Consisting of 10 'like-minded' nations, the Joint Expeditionary Force (JEF) is a military alliance with a primary determination to maintain the security of Northern Europe.
JEF launched eight years ago and consists of mostly Nordic countries. The UK occupies a central position as the 'framework' nation of the alliance.
Prime Minister Boris Johnson hosted a summit with the leaders of JEF nations this week to discuss the war in Ukraine.
But which nations make up the alliance, and what does the Joint Expeditionary Force actually do?
The JEF is a northern European security coalition of mainly Nordic and Baltic countries, including the UK, Denmark, Finland, Estonia, Iceland, Latvia, Lithuania, the Netherlands, Sweden and Norway.
The Ministry of Defence (MOD) says the UK is "proud to be at the centre of JEF", acting as the alliance's "framework" nation.
Member nations can work collectively, in partnership with other nations, or individually across areas including security and humanitarian relief efforts.
Sean Monaghan, from the Center for Strategic and International Studies, says NATO established "framework nations" in 2014, providing the genesis of the JEF despite some members not sharing NATO membership status.
This involved "military formations within NATO, between like-minded partners that could co-operate together on military capabilities and military operations", he said.
"The Joint Expeditionary Force is the framework led by the UK."
What is the purpose of the Joint Expeditionary Force?
The MOD has said that JEF nations share the same values, act quickly and continuously, help bring stability and security in the North Atlantic, Baltic Sea Region and in the High North, and come "together to enhance each other's military skills and capabilities".
It also says that "like most military alliances, defence strengthens the bond between allies and helps build new relationships around the world. Co-operating with the international community helps secure a better, fairer and safer world."
Speaking ahead of a planned JEF summit later this week, the Prime Minister said resilience to Mr Putin's threats must "go beyond our military footing".
Boris Johnson added: "Together… we must ensure we are insulated from Russia's interference and impact on our energy supplies, economy and values."
The JEF "can act outside of the NATO framework", explained Mr Monaghan, so nations outside of NATO such as Sweden "presumably" are able to call on other JEF members to fulfill security commitments – separate to the formal obligations in other alliances.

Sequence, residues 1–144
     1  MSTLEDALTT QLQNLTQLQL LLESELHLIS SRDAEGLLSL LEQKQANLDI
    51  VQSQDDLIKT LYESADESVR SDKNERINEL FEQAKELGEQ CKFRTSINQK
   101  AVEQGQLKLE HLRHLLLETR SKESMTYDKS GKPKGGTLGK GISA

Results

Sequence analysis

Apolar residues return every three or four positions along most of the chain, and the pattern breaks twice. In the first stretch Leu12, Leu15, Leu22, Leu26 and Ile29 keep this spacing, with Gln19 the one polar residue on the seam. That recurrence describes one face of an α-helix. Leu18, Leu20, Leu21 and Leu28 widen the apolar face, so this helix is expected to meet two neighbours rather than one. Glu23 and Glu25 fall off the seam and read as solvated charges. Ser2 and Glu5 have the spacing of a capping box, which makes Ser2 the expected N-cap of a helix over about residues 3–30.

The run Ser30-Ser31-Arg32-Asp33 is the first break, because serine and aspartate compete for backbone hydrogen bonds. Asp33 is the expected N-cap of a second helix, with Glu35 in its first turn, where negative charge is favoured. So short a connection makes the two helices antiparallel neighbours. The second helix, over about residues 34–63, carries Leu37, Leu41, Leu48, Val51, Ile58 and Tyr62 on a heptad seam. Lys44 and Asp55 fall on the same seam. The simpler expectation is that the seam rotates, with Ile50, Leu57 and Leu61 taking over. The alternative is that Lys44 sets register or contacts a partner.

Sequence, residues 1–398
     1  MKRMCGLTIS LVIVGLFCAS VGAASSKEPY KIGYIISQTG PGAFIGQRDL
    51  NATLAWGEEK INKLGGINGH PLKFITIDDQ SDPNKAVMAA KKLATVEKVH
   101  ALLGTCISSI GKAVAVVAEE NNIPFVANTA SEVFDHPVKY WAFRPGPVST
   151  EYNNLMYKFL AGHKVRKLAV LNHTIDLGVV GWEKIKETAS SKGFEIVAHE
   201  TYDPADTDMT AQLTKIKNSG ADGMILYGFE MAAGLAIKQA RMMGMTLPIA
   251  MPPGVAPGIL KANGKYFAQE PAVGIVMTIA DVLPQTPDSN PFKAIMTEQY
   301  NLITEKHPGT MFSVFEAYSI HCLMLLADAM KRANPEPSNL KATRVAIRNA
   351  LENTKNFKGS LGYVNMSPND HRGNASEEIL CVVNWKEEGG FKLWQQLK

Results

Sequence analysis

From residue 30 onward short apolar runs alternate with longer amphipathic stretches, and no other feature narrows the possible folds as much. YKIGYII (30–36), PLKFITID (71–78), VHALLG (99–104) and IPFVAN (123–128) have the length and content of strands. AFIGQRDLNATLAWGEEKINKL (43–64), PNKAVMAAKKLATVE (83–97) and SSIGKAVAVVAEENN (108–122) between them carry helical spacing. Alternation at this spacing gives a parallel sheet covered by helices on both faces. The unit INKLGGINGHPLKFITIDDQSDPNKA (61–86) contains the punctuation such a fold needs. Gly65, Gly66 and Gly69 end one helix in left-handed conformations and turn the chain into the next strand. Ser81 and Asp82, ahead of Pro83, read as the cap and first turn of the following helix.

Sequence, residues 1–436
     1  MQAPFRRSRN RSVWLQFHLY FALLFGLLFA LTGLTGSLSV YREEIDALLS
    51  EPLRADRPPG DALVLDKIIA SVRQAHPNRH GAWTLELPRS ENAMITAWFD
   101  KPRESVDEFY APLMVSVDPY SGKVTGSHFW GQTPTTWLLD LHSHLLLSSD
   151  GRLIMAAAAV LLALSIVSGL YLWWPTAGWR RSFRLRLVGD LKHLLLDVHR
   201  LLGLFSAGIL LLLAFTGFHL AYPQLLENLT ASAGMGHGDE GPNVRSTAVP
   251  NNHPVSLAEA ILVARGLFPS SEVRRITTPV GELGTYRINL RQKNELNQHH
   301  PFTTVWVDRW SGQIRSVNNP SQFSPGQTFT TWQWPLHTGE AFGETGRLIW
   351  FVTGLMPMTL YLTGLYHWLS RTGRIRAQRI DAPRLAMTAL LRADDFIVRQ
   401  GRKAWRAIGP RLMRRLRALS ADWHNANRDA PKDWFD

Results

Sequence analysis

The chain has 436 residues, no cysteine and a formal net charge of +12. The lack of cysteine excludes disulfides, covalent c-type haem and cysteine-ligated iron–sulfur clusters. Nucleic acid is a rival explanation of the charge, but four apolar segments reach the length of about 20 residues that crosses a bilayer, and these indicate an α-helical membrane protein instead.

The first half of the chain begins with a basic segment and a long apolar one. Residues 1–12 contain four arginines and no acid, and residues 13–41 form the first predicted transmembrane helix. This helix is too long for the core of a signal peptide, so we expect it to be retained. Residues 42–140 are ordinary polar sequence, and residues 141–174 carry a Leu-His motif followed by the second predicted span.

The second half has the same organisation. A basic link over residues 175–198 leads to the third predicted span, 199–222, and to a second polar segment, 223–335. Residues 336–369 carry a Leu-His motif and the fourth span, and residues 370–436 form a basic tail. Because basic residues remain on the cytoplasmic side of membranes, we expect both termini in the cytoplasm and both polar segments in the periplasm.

How does the UK contribute to the Joint Expeditionary Force?
Physically, the UK contributes to JEF through personnel, equipment and capabilities drawn from the Armed Forces.
In the past, the UK's military contribution, alongside that of the other nations, has allowed JEF to conduct maritime exercises and deployments.
In 2019, JEF nations took part in BALTIC PROTECTOR, which included maritime exercises off the coast of Denmark and latterly Germany and Sweden. It culminated in the alliance working together to practice amphibious landings in Europe's Baltic states.
Nearly 2,000 military personnel from 17 vessels worked together across the deployment.
In February, the foreign ministers of JEF nations announced future military exercises in Northern Europe across land, air and sea.
Has the Joint Expeditionary Force deployed on operations?
In March last year, three members of JEF joined the UK to conduct maritime patrols in the Baltic Sea.
HMS Lancaster and HMS Westminster were joined by RFA Tiderace and vessels from Latvia, Lithuania and Estonia for a joint demonstration of the participant nations' commitment to the security and stability of the region.
It marked the first operational deployment for JEF and included intensive training with helicopters, refuelling at sea, gunnery and air defence, sailing in close formation and acclimatising to sub-zero temperatures as JEF ships operated deep in the Baltic.